Very interesting, the technology certainly exists to make this real. Organisational structures however, are slower to change. The move to flexibility I think is a good one, affording a better work life balance.

Rescooped by Sharon Archibald from digitalNow
Scoop.it!

You Get What You Reward (or Tolerate)

You Get What You Reward (or Tolerate) | Organizational Behaviour Fleming College | Scoop.it
Why do middle managers act the way they do? Why do front line employees behave as they do? A coaching client of mine recently told me of a loud disagreement that happened between two of this CEO's ...

Via Don Dea
more...
Don Dea's curator insight, June 20, 2013 2:22 AM

Behaviors like these help create a “playing field” where players debate ideas and solutions but maintain trust and respect for their peers and staff:

  • I do not take it personally when someone challenges a process that I own.
  • I listen with noble intent, seeking to understand the speaker’s viewpoint and needs.
  • I only use language that is respectful, fit for a “family newspaper.”
  • I see conflict as an opportunity for our company and our processes to get better – not a battle to defeat a peer.
  • I challenge disrespectful behavior in interactions I’m involved in or that I observe.
Rescooped by Sharon Archibald from digitalNow
Scoop.it!

Psychology's Three Great Branches

Psychology's Three Great Branches | Organizational Behaviour Fleming College | Scoop.it
Pairing the three great branches of psychology with three grand theorists.

Via Don Dea
more...
Don Dea's curator insight, June 17, 2013 12:08 AM

 The three branches are: 1) the basic science of psychology, whose proper subject matter is “mental behavior” which translates into the behavior of the animal as a whole and includes thinking and feeling as well as acting; 2) human psychology, whose proper subject matter is human behavior at the individual level and includes a particular focus on the human mind and human self-consciousness; and 3) professional psychology, which involves the application of psychological knowledge for human betterment. If the APA started with these three great branches, much confusion could be avoided and we could actually make progress starting to clear up psychology’s tower of babel.

Scooped by Sharon Archibald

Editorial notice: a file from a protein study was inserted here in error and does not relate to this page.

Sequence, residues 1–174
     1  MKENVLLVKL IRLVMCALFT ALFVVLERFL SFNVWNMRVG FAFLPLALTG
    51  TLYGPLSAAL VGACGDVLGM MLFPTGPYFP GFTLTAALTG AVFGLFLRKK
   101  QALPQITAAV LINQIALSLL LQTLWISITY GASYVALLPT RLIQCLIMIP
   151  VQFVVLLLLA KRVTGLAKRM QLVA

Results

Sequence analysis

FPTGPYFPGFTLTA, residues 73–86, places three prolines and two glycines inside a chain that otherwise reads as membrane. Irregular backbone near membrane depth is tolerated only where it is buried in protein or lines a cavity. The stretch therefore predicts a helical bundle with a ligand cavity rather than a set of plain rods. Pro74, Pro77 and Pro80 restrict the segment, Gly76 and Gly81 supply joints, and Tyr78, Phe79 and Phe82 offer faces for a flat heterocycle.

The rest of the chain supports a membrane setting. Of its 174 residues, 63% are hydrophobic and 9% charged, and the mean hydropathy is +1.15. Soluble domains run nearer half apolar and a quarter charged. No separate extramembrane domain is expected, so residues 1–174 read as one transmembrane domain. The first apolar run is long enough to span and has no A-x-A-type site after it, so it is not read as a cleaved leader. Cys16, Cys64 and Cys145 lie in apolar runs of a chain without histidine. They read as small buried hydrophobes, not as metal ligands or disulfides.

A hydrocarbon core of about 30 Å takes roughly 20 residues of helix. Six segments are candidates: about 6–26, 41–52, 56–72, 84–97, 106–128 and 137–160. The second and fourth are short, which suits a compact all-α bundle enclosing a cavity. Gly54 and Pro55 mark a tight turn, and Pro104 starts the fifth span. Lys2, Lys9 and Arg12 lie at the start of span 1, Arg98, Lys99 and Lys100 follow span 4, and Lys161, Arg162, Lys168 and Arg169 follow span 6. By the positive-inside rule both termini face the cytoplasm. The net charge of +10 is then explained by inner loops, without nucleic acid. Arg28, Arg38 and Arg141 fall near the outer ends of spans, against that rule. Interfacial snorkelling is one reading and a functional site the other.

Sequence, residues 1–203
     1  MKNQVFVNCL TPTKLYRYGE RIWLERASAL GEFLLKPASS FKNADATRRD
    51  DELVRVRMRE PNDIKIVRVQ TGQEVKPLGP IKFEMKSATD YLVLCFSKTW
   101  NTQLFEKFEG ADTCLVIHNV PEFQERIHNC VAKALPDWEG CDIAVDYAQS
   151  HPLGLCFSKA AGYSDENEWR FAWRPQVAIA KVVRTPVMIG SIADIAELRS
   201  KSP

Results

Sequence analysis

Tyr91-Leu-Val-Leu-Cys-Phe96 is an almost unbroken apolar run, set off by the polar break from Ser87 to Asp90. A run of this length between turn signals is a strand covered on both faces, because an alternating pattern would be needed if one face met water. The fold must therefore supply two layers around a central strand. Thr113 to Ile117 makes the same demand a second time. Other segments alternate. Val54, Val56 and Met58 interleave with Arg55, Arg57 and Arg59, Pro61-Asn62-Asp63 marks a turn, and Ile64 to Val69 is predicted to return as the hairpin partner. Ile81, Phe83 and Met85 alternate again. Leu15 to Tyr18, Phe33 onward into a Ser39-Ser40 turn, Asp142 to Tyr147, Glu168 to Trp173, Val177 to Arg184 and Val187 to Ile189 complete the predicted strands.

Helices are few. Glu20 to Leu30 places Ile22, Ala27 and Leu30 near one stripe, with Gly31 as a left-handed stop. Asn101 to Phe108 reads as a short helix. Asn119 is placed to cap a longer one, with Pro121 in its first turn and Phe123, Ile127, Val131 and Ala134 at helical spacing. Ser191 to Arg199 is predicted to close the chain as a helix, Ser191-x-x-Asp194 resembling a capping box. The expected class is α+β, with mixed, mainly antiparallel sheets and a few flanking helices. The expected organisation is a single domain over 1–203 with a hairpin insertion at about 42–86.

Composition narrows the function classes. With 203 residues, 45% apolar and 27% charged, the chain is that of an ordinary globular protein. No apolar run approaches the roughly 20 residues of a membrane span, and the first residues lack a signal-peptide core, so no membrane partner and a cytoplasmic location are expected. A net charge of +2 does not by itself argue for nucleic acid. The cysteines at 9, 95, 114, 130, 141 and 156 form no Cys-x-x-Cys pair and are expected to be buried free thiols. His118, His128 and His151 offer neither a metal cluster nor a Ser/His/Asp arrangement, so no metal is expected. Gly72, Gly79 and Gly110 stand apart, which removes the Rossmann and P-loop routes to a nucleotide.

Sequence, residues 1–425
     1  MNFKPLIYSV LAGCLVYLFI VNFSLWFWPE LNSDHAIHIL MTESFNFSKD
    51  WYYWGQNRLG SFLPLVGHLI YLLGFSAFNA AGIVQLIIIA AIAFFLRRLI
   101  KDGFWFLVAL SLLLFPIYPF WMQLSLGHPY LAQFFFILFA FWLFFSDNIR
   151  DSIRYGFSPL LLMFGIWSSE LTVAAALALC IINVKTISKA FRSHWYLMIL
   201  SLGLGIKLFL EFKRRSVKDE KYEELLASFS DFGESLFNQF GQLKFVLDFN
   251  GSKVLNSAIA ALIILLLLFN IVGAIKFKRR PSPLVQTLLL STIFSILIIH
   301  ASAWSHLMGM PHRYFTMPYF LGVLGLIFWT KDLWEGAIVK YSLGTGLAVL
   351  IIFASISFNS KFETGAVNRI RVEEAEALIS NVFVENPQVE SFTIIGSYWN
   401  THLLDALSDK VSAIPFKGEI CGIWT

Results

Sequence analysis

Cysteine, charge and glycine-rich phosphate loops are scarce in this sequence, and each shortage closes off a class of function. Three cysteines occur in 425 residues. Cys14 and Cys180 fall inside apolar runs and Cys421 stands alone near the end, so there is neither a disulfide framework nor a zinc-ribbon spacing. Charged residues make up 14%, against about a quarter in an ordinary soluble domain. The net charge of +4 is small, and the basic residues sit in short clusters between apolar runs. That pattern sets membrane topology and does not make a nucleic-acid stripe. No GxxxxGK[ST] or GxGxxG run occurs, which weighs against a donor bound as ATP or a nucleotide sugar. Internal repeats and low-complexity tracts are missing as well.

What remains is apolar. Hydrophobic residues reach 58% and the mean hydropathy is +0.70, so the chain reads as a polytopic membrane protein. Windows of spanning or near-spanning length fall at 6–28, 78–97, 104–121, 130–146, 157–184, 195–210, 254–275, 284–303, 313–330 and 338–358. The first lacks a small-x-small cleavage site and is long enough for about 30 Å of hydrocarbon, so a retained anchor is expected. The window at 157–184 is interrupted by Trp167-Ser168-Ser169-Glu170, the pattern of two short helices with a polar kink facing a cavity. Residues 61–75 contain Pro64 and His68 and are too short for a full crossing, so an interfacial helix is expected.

Scoop.it!

By Paying Employees To Live Near The Office, Imo Cuts Commutes, Ups Happiness

By Paying Employees To Live Near The Office, Imo Cuts Commutes, Ups Happiness | Organizational Behaviour Fleming College | Scoop.it
There's that one guy who commuted seven hours a day and claimed to love it. But for most people, the daily commute is something we dread. The average commute time in America is 25 minutes, per the Census Bureau (with great variation by region).
more...
No comment yet.
Scooped by Sharon Archibald
Scoop.it!

Why Faking Enthusiasm Is The Latest Job Requirement

Why Faking Enthusiasm Is The Latest Job Requirement | Organizational Behaviour Fleming College | Scoop.it
"Important to smile. Don't forget smile."Sooner or later, most jobs require us to exhibit some emotion that we don't necessarily feel.
more...
No comment yet.
Scooped by Sharon Archibald
Scoop.it!

Don't Tolerate Dysfunctional Teams

Don't Tolerate Dysfunctional Teams | Organizational Behaviour Fleming College | Scoop.it
Are teams in your organization both productive (they get their tasks done to standard, on time, and under budget) and effective (team members operate with a minimum of issues or drama)? A recent Un...
more...
No comment yet.
Scooped by Sharon Archibald
Scoop.it!

From Zappos: 4 Simple Hacks To Foster Office Collaboration

From Zappos: 4 Simple Hacks To Foster Office Collaboration | Organizational Behaviour Fleming College | Scoop.it
Zappos has a cubicle problem. The online retailer is famous for its fanatical devotion to both customer service and corporate “cultural fit,” going so far as to pay insufficiently committed new hires as much as $2,000 to leave.
more...
No comment yet.
Scooped by Sharon Archibald
Scoop.it!

Susan Cain Helped Introverts Find Their Voice; Now, She'll Teach Them To Embrace Public Speaking

Susan Cain Helped Introverts Find Their Voice; Now, She'll Teach Them To Embrace Public Speaking | Organizational Behaviour Fleming College | Scoop.it
"Now I'm speaking for a living," Susan Cain says, "which is so ironic for someone like me."Someone like her, in case you haven't heard, is an introvert: No, not a recluse, hermit, or antisocialite, but a person who prefers low stimulation to high,...
more...
No comment yet.